In reality, in spite of our best efforts, we can’t know how a story will end.

I left the Once Upon a Time group dazed and sad.  When I got to the building foyer, I saw the girl by herself, doing cartwheels across the open space.  She’s always been a buoyant girl, although she’s been through things no child should have to go through.  She once told me, “I like being happy.  I try to be happy all the time.”  I know her ebullient spirit will help her as she navigates her journey to find a family.  I know we’re all a part of her family – not just those of us who know her, but the whole world, every person – we’re all part of what makes a world safe or unsafe for a child.

Hopefully, we’ve planted a story seed in this girl and she’ll grow up wanting to tell hers.  And who knows, maybe it’ll be a story powerful enough to shift the world towards goodness.  After all, the whole world can change dramatically in just a second.  Who knows but this queen of the deep blue sea may one day open an elevator door and help us all rise up into a better world.


…in a darkened room, a very old woman closes her eyes to sleep

Young Reader Review: Coming of Age Through a Snake

Mamba Point by Kurtis Scaletta

I found out about Mamba Point by Kurtis Scaletta (Knopf, 2010) through the blogger Jennifer Clark Estes who gives great book reviews on children’s books on A Mom’s World (http://onemomsworld.wordpress.com/).   The premise that an anxious, awkward 12 year old boy created a new identity by finding a magical connection with a venomous snake was too good to pass over.  It turned out to be a remarkable, gentle story of reconnecting to nature and coming of age.

Set in the 1980s, 12 year old Linus Tuttle gets an opportunity to remake himself when his father gets a job at the U.S. Embassy in Liberia.  He’s determined to become a new cool Linus, but as soon as he gets off the plane, he begins to see black mambas, a rare poisonous snake, wherever he goes.  A local merchant tells him of the Liberian belief in “kaseng.”

“You might call it a totem.  That’s an American Indian word for the same thing.  Usually it is a tribe that has a kaseng.  There are leopard people, and bush-cow people, and dove people.  But some people have their own kaseng.  A person might be born with a strong connection to the mongoose or the frog.”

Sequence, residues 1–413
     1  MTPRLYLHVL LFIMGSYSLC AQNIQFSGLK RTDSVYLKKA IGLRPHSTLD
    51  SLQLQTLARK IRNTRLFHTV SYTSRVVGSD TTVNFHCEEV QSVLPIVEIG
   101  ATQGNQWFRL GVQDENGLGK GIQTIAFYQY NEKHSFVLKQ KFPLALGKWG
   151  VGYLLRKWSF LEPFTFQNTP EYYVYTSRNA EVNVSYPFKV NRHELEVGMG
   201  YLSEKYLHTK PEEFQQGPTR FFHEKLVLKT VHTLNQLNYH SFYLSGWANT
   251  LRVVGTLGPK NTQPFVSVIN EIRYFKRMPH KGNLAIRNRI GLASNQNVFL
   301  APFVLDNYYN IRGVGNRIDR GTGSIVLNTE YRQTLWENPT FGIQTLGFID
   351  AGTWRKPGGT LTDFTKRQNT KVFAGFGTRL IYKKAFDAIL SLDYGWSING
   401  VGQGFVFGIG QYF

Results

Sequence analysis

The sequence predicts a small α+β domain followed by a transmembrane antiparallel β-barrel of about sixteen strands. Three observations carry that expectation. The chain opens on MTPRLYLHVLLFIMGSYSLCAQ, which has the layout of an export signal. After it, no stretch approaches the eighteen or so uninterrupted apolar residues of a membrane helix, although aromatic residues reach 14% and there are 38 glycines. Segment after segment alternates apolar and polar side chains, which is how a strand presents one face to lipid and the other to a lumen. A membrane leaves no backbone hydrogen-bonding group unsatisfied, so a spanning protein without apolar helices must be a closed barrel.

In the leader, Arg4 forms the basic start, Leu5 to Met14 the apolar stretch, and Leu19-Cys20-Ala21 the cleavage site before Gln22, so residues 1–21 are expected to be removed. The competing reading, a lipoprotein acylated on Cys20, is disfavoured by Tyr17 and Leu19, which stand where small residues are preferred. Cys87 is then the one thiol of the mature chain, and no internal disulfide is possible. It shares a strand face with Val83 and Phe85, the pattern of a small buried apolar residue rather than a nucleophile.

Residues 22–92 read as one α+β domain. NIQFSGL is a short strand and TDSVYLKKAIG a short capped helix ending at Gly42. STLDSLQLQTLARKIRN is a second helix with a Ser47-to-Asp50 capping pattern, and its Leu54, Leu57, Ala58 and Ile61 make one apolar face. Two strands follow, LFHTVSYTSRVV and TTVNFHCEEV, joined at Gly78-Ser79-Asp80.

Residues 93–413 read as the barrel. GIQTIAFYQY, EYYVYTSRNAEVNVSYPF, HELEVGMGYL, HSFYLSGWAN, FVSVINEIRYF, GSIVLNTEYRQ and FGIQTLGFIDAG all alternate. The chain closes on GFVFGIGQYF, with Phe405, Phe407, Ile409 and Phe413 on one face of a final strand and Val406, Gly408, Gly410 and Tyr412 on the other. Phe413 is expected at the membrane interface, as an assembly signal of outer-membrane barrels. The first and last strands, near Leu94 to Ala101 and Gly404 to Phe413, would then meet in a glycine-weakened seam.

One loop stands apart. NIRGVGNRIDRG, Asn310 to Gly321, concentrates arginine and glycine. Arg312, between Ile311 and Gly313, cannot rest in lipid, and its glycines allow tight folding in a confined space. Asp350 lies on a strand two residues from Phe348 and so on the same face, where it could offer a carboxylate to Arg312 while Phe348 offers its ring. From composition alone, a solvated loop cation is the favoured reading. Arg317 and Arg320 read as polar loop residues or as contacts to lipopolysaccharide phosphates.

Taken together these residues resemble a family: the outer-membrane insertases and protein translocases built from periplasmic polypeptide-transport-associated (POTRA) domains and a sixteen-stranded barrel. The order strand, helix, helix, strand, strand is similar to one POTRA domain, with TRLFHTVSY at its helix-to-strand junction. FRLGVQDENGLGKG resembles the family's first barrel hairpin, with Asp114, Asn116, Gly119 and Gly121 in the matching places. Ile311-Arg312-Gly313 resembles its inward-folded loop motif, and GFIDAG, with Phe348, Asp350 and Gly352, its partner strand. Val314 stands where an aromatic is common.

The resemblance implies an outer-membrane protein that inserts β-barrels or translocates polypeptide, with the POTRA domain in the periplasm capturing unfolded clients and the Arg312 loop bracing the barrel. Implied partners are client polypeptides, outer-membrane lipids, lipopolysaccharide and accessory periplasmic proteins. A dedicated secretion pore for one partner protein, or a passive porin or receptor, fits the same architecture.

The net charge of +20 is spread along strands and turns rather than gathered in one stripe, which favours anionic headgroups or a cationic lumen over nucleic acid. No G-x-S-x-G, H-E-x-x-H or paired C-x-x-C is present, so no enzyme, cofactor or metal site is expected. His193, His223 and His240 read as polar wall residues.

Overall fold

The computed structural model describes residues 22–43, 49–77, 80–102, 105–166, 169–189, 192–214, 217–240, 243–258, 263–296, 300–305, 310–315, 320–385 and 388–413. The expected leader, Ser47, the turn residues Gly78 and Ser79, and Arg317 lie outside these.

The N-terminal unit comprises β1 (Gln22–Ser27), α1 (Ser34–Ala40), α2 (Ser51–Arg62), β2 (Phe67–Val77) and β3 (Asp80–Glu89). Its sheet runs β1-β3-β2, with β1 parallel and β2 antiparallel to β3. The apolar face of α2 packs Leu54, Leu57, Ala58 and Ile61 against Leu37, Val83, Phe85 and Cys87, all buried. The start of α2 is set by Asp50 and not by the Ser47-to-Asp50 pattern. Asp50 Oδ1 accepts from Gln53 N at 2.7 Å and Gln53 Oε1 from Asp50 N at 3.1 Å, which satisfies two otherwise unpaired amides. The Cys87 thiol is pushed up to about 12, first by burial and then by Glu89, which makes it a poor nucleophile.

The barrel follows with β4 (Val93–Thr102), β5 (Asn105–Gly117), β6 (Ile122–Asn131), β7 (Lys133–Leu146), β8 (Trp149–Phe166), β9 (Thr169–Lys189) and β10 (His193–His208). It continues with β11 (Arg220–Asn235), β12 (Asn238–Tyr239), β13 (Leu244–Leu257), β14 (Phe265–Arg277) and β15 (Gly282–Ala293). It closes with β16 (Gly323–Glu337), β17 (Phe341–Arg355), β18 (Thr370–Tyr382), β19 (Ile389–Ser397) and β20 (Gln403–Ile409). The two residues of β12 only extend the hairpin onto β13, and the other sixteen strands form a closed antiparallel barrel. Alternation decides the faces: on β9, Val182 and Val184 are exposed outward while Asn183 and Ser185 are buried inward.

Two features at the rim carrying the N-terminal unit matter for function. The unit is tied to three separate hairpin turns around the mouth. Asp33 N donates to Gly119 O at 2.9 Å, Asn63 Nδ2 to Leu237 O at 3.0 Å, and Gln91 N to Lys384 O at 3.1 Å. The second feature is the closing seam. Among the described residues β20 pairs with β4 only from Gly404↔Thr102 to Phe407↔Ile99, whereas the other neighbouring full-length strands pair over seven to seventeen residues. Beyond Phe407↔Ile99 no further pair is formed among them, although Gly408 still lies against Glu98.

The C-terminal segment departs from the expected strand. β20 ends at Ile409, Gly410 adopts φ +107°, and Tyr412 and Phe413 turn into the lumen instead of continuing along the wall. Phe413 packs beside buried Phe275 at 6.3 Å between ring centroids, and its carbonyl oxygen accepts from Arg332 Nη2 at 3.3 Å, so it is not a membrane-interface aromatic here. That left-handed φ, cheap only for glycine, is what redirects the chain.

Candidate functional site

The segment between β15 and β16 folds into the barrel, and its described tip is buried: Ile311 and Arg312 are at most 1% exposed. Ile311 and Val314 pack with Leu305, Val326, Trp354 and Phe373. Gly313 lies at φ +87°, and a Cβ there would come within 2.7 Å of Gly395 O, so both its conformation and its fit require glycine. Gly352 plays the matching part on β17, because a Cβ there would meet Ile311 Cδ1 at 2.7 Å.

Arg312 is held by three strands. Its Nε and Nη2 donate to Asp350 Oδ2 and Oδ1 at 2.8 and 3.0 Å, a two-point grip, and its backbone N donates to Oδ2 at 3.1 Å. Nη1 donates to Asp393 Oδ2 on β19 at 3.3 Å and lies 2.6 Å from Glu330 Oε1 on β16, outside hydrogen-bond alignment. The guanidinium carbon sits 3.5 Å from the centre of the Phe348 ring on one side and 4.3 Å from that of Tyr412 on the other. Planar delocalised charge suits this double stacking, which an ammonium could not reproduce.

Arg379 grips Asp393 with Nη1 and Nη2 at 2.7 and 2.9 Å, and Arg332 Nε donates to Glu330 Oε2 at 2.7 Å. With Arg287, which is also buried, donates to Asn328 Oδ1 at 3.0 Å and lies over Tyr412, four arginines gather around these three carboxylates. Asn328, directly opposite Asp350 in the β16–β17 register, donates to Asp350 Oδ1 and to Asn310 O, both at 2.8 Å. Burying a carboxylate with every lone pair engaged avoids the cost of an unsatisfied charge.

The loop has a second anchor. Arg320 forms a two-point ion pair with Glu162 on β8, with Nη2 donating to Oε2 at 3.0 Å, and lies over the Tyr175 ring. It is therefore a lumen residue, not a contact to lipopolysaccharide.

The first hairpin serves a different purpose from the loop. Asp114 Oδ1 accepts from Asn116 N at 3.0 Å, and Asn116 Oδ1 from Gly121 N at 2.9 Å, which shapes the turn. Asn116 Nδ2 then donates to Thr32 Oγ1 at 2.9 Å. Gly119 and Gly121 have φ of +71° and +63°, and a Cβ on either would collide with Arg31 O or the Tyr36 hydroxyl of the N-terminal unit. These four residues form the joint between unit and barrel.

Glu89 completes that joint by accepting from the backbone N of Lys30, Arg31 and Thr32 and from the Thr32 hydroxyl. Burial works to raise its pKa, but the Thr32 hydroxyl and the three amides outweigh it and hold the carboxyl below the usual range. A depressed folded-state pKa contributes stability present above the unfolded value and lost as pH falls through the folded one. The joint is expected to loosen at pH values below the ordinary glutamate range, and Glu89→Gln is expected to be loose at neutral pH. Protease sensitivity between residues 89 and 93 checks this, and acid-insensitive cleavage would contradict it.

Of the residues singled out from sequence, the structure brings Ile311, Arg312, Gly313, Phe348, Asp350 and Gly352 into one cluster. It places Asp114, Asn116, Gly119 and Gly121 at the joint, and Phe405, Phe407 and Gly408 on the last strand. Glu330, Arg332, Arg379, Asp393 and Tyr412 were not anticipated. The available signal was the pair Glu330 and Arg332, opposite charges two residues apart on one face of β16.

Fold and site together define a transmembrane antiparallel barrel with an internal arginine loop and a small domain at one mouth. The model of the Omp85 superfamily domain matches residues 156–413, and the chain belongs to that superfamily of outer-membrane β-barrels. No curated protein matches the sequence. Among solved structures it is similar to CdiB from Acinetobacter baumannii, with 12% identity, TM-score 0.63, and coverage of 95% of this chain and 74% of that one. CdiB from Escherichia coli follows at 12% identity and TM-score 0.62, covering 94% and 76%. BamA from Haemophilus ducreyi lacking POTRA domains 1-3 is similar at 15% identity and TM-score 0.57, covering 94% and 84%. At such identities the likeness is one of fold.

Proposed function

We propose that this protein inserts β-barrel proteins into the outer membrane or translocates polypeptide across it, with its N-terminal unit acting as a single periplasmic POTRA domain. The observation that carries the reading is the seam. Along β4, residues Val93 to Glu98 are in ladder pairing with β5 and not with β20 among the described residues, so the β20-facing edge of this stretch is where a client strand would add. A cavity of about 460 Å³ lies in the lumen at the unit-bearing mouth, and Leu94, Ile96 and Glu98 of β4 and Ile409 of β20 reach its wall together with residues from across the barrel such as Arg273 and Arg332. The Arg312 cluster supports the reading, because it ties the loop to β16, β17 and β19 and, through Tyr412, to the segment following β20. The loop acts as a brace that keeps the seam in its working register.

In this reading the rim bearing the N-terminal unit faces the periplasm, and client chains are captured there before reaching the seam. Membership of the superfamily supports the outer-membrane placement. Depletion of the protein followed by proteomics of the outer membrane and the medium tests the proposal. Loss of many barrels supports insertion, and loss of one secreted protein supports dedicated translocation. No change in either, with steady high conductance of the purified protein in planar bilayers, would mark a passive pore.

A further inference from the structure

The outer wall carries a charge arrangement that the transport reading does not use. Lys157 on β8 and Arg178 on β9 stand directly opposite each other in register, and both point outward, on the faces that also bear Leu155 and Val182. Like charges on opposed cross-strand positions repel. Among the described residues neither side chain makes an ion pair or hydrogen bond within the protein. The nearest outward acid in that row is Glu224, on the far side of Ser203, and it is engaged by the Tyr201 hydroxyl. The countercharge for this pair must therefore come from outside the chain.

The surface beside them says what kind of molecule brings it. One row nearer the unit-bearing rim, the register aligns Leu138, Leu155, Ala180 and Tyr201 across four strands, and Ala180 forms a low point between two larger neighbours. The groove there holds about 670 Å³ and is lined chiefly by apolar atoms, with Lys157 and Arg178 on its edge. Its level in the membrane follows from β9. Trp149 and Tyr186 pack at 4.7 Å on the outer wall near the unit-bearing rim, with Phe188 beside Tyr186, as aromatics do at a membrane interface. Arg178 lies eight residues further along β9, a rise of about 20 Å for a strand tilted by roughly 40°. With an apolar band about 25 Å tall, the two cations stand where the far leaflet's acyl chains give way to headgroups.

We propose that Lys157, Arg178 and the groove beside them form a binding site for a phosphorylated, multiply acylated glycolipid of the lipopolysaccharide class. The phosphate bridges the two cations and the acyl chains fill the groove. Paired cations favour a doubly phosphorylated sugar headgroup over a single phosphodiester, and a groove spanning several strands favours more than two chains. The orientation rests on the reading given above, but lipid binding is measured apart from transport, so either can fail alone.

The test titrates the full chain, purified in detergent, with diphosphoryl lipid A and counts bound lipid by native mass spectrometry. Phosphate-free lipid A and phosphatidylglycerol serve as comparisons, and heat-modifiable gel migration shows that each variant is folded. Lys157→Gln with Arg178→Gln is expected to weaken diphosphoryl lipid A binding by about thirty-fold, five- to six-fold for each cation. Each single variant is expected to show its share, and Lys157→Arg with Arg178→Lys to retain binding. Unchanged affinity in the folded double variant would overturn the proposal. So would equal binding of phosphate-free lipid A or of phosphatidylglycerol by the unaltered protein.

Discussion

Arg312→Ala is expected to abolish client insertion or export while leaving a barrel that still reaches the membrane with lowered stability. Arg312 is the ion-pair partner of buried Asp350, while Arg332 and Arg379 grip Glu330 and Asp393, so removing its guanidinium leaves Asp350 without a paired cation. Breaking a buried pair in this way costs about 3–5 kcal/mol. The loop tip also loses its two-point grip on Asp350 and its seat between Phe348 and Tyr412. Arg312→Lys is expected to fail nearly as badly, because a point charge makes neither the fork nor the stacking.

The black mamba is NOT a connection that Linus wants.  The same merchant tells him,  “If you do believe in it, and you do have a kaseng, you should not fear your animal.  They do not want to hurt you.  If you accept it, it will give you strength.”

In learning to accept his kaseng with the black mamba, Linus gets bolder, but also careless, and he has a hard lesson of responsibility to learn.  One man’s source of strength can be a source of danger for others.

Scaletta deftly handles the cultural differences between Liberians and Americans, between young and old, powerful and weak.  He doesn’t over dramatize or moralize; he tells a tale that leaves a lot of room for thought.  He builds a compelling story with humor, danger and insight, and doesn’t sacrifice good narrative for drama.

I think of it as I watch people around me, what their kaseng might be, what animal identity would give them power.  Especially since it is the Halloween season, when everyone is trying to find to find some alter ego, or magical spirit, to slip into — we’re all in search of something to strengthen us against the coming winter harshness.

I think it’s a wonderful story of coming to know your strengths and limits in the larger world.  There’s an intangible quality to it that provides a bit of metaphor for understanding human relations to the animal world, but also the first world to the third world.

Scaletta was born in Louisiana and grew up in several states and foreign countries, including Liberia.  His website is here:


If you’re looking for a good, snaky story for the season that’s not all creepy and morbid, this one will feel perfect.

Children’s Book Reviews: Cloud Tea Monkeys and Stand Straight

One of my great pleasures when I wander through the library is to go to the staff picks display in the children’s section.  I still feel the same delight as I did when I was a child and faced a shelf of face-out picture books.  I used to tease my kids that I only had them so I could keep reading “children’s” books.   The truth is I had kids to prove to myself that some of the contentment that eluded my family of origin, but I found in books, could be replicated in real life.  Through a series of fortunate events, I was able to do that by having two extraordinary children.